Tuesday, June 16, 2009
The long weekend of June 12-14 was a blast (save for Saturday, which I spent sick dangit), as Cat and I got to attend Celebrate the Sea 2009 and meet one of my personal heroes in photography and exploration. I’m talking about David Doubilet, whose photos in National Geo have been inspiring me since I was in high school.
I’ve also gained some new inspirations: Michael AW, another celebrated underwater photographer and author of Heart of the Ocean, a book photographed entirely in Philippine waters; Peter Scoones, cinematographer of the ground-breaking Blue Planet BBC series; Lynn Funkhouser, whose beautiful shots reassured me Puerto Galera where I spent so many great summers is still as beautiful underwater as I remember it; Joe Moreira, the uber-cool managing editor of Ocean Geographic; and our own Undersecretary Cynthia Carrion, who’s very active in environmental preservation.
Cat and I got to view some really awesome films and presentations, and sit in on some thought-provoking forums on current environmental problems. I missed one forum on Saturday, though, that I had really wanted to attend – a debate on whether oceanariums are beneficial for the environment or not. Cat and I got to sit in though on a forum on ‘changing the face of terror,’ Michael AW’s advocacy to reform the image of the shark, which interestingly morphed into a discussion of the dynamics between environmentalism and deeply entrenched Asian cultures (specifically, the Chinese appetite for sharks’ fin soup).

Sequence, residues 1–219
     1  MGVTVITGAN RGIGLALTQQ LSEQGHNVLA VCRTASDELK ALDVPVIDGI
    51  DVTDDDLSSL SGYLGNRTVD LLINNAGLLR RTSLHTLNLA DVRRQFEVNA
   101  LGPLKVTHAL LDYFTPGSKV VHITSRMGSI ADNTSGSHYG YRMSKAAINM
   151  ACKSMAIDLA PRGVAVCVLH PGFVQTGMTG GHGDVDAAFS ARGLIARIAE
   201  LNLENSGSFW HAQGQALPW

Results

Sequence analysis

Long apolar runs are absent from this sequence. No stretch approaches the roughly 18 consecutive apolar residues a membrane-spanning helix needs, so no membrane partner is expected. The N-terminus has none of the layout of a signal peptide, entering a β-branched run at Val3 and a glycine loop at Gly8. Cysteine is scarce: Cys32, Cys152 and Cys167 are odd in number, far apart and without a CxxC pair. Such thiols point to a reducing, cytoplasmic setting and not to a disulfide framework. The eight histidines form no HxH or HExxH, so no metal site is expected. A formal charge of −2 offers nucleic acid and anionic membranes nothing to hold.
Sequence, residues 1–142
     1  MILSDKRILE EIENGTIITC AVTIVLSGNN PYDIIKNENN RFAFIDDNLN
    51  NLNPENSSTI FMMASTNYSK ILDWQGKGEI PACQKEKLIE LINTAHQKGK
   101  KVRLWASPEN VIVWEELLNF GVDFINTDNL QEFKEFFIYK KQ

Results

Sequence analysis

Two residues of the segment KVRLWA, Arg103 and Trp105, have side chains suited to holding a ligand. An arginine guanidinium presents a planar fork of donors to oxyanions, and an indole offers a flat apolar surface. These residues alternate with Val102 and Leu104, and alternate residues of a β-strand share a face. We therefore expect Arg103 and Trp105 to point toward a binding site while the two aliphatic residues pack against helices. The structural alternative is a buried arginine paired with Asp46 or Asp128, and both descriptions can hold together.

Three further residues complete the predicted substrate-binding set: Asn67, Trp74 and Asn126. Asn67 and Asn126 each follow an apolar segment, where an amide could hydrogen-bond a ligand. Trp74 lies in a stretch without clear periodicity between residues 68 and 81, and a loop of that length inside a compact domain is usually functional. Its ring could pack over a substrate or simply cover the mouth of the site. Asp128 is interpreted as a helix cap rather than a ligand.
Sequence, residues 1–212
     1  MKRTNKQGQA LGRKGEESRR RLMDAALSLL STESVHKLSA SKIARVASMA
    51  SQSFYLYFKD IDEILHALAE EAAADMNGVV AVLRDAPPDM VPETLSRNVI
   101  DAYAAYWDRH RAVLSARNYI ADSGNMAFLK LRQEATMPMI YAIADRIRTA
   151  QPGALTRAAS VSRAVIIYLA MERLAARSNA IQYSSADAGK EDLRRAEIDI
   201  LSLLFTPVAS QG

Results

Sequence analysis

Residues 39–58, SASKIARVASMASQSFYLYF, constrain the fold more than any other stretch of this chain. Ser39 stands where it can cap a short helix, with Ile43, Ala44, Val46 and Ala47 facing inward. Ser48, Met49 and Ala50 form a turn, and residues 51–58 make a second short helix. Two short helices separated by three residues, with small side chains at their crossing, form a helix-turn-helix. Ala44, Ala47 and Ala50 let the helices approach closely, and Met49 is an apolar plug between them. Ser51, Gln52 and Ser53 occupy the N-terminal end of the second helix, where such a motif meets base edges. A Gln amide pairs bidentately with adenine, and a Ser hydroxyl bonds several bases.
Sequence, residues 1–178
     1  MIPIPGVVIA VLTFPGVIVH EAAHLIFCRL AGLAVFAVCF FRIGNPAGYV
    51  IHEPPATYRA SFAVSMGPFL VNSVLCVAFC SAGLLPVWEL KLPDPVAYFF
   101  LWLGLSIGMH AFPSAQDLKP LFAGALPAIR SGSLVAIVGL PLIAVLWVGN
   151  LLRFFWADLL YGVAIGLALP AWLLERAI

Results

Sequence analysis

The presentation I enjoyed the most was Doubilet’s talk on his evolution as a National Geographic underwater photographer, where he kinda let us into his head and showed how he learned to see as an underwater image-maker. Very fittingly, Doubilet noted that light is still the first and most important ingredient to his vision, and talked about how he learned to shoot underwater using available light and monochrome film. Now B/W and underwater don’t often get associated together, because most underwater shots nowadays are all about the psychedelic colors of reef life; but Doubilet’s shots really illustrated how you can get stunning visuals from shafts of light and the way water refracts and diffuses light. (I think I’m gonna end up grabbing that second hand Nikonos I saw downtown next payday …)